Spirochete

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spirochete

[′spī·rə‚kēt]
(microbiology)
The common name for any member of the order Spirochaetales.

Spirochete

 

a bacterium, measuring 0.1–0.6 micrometer in diameter and 5–500 micrometers in length, in the form of an elongated coiled spiral. The majority of species have a slender axis filament around which the body of the cell is spirally coiled. Spirochetes lack flagella and are characterized by undulating movements, during which the cells rotate around their long axis. Reproduction is by transverse fission.

Spirochetes may be nonpathogenic or pathogenic. The former inhabit freshwaters, and the latter parasitize mollusks and cause syphilis in man (Treponema pallidum), relapsing fever (Borrelia recurrentis), and other spirochetoses. Under artificial conditions, nonpathogenic spirochetes grow on ordinary nutrient mediums and pathogenic spirochetes grow on mediums that contain serum and pieces of fresh tissue or the internal organs of animals. Some forms have not yet been grown in the laboratory.

References in periodicals archive ?
the oral spirochetes are often dominant bacterial types observed in subgingival plaque taken from sites with periodontal disease [19].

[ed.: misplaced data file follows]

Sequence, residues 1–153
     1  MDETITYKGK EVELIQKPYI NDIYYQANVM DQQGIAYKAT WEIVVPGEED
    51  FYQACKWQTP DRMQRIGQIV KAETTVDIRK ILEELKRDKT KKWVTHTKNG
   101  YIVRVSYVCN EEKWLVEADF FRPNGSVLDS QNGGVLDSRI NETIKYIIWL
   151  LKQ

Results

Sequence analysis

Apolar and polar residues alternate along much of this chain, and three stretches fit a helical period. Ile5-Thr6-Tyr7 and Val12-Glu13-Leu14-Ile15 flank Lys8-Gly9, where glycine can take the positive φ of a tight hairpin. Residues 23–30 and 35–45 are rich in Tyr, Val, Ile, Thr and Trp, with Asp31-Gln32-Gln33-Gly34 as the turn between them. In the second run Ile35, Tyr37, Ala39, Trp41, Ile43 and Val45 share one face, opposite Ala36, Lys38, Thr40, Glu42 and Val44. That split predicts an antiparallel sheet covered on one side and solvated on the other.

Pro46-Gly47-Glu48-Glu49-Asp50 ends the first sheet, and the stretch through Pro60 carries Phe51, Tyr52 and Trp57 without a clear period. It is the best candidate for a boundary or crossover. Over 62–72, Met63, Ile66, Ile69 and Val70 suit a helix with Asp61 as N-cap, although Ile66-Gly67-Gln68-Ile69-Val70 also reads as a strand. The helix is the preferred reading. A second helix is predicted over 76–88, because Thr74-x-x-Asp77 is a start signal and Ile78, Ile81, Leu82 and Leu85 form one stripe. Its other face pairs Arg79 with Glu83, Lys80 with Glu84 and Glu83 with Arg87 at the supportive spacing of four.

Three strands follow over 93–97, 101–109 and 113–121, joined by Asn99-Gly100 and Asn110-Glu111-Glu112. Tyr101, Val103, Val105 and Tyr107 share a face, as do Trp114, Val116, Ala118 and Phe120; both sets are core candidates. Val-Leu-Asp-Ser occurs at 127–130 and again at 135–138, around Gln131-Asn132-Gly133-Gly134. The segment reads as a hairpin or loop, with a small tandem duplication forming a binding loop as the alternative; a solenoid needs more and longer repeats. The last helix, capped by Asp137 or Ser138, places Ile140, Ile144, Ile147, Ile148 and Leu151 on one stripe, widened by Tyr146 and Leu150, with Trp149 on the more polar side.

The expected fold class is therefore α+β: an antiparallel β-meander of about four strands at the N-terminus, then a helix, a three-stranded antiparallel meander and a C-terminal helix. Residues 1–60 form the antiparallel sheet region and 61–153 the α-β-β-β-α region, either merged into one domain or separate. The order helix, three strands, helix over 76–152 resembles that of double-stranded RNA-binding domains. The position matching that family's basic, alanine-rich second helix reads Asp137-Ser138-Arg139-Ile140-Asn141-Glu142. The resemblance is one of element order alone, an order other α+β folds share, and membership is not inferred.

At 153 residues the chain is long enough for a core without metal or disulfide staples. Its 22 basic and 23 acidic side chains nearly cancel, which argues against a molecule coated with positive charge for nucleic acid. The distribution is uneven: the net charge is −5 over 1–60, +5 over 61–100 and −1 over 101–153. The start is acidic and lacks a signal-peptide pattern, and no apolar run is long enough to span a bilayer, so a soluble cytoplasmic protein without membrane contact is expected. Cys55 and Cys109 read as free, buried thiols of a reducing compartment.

However, not all black-legged ticks carry the spirochete that causes Lyme disease.
To our knowledge, the pulmonary syphilitic abscesses seen grossly in this case have not been reported in recent literature, despite the detection of spirochetes in lung tissue.
Researchers eventually fingered corkscrew-shaped bacteria: a spirochete called Borrelia burgdorferi and closely related species.
If people are infected with the Lyme spirochetes, and not treated quickly, thousands may suffer for many years from the debilitating effects of the disease.
The researchers used several methods for examining the cultures for spirochetes including light and darkfield microscopy, silver staining, immunohistochemical staining, molecular hybridization, and PCR analysis.
A peripheral smear was prepared, which showed thrombocytopenia and multiple extracellular spirochetes.
Spirochetes produce diseases such as Lyme borreliosis, syphilis and leprospirosis.
Spirochetes in humans and other species presumably result from fecal-oral contamination, but largely appear to be nonpathogenic.
Adding the enzyme polymerase, which copies the original DNA target, prompts a chain reaction that generates millions of copies of the target, revealing the presence of spirochetes even in samples containing trace amounts of genetic material.
1) We all rejoice in how Steere sent ticks from the county to Swiss-born entomologist Willy Burgdorfer in 1985 and asked him to search for parasites, and how Burgdorfer identified Borrelia spirochetes in the gut of the tick and then the link was established: Lyme disease caused by tick-borne Borrelia.